APF people profile: Phillip Wardle, Legal and Policy Manager
Graphic: Phillip Wardle
Working with grassroots rights advocates in the Philippines inspired Phillip Wardle to pursue a career dedicated to strengthening human rights.
Name and role:
Phillip Wardle, Legal and Policy Manager, Asia Pacific Forum of National Human Rights Institutions (APF).
Could you tell us a bit about your role?
I wear a few different hats at the APF, including overseeing the APF’s work on National Human Rights Institutions (NHRI) accreditation with the Global Alliance of National Human Rights Institutions (GANHRI). I support our members who are undergoing the accreditation review process, and new institutions that are seeking accreditation for the first time. I also represent the APF on GANHRI’s accreditation body: the Sub-Committee on Accreditation (SCA).
I also provide technical assistance to governments who are planning to establish an NHRI, or to our members who are advocating for changes to their legal mandate. This involves advising on proposed legislation and policy, and working with our members and other international partners to facilitate broader consultation processes and other awareness-raising activities.
While these are the main functions I perform, I am also involved in other legal and policy work at the APF. This has included assisting our members with domestic advocacy interventions, developing regional policy positions for the APF, and research on specific human rights topics.
It’s an immense privilege to work alongside all the dedicated human rights defenders from across the APF membership, many of whom put themselves at great risk to speak out against injustice and for the most vulnerable.
What do you love about your job?
It’s an immense privilege to work alongside the dedicated human rights defenders from across the APF membership, many of whom put themselves at great risk to speak out against injustice and for the most vulnerable. Seeing their commitment and courage is both humbling and inspiring – definitely the best part of working for the APF!
What’s the most challenging aspect of your job?
I would say the toughest part of my job is not being able to connect with our members on a regular basis in person. A lot of our work depends on strong working relationships – not just with our members, but also with our partner organisations – and as a regional organisation that works remotely, we have to do much of this work online and over email. While the COVID-19 pandemic has given us new skills in virtual communication, I still value the opportunity to travel and meet with our members in person whenever I can.
Why did you decide to work in human rights?
It was probably my earlier career experience as a graduate lawyer and Australian AID Youth Ambassador in the Philippines that really solidified my commitment to a career in human rights.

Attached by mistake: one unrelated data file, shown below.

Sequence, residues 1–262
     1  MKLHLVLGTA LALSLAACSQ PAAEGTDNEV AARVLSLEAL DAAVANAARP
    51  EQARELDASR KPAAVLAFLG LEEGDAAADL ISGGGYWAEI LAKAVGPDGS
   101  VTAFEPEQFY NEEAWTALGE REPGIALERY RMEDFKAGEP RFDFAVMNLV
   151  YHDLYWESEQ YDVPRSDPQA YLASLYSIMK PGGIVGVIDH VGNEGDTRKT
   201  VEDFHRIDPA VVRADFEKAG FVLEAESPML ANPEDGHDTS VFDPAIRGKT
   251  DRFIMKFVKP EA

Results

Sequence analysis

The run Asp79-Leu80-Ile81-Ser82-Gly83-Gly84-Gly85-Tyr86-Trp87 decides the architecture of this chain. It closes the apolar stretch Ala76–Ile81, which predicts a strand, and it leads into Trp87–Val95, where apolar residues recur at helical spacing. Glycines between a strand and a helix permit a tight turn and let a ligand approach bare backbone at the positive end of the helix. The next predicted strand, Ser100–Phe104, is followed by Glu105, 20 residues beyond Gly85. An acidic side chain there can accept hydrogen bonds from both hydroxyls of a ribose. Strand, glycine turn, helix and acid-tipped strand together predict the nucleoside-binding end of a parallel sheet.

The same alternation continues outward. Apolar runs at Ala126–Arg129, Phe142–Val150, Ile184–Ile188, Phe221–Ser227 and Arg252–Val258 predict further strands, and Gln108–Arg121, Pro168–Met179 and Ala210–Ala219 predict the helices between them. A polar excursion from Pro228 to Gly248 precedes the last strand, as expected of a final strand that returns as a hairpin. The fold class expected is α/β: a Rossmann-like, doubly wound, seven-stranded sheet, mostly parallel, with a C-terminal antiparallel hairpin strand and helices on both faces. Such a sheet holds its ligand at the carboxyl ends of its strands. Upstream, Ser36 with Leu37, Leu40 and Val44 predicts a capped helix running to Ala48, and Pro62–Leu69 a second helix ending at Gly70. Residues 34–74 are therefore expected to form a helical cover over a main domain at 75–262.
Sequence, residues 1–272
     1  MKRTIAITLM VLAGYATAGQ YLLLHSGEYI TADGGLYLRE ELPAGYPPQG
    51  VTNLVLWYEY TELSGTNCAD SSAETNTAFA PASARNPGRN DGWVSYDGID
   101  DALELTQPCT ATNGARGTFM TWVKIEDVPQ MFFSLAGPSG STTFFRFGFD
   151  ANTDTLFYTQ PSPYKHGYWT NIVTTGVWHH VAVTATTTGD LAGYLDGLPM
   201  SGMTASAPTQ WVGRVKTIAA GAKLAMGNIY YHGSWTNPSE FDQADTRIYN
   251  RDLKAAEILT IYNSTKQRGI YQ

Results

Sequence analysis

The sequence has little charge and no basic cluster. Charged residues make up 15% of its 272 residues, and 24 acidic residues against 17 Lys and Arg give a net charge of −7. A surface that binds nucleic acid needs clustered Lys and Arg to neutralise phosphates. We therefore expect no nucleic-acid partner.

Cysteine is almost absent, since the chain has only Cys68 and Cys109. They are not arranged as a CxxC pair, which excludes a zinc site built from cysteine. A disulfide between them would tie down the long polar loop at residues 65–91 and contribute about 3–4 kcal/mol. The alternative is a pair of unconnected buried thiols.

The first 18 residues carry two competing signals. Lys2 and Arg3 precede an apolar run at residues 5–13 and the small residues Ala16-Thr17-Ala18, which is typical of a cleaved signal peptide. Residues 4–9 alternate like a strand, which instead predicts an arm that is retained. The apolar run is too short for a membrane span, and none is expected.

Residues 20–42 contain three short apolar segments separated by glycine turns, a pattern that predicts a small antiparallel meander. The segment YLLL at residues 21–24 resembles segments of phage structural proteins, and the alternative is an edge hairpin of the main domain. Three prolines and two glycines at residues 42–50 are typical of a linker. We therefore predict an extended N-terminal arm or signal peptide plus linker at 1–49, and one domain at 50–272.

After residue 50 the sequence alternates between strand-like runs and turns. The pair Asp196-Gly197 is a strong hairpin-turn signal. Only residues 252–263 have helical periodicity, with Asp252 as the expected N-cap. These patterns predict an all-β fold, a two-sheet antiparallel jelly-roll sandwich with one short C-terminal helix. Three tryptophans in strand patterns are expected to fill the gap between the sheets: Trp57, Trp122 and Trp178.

I spent a two-year assignment working with the Commission on Human Rights of the Philippines (CHR) and their NGO partner, the Institute for Popular Democracy, on a research and advocacy project on housing rights and forced evictions in Manila. Doing human rights fact-finding and working with urban communities impacted by evictions was a confronting experience, but also inspiring to see the strength of grassroots community-based advocacy movements, and how NHRIs can support their participation in government policy making and the international human rights system.
Working with the amazing team at the CHR showed me first-hand what a difference an NHRI can make in shaping public policy and attitudes on many social issues. While I was interested in a human rights career before my time in Manila, working with human rights advocates in the Philippines encouraged me to build a career in human rights. The CHR team continues to inspire me every day, so it’s wonderful to be able to reconnect with them again in my current role.
What is your proudest achievement?
There’s a lot to be proud of at the APF! I’m certainly proud to be part of a movement that supports human rights across the region, although I would probably say that my time working in the Philippines was a highlight. Being part of a project that united community with government around a single vision was so rewarding and a perspective I hope to bring to all my work.
And finally, what is your favourite book?
It might seem unusual to list a cookbook as favourite, although ‘Jerusalem’ by Yotam Ottolenghi and Sami Tamimi would have to be my number one. It’s definitely the most frequently used in our household, as we absolutely love the food of Palestine and the broader West Asia region. I think food and the institution of sharing a meal can offer a simple, albeit fleeting, escape from the political division so many of us face across the world.
Date: 25 January 2024
- Phillip Wardle - APF/Amy Janowski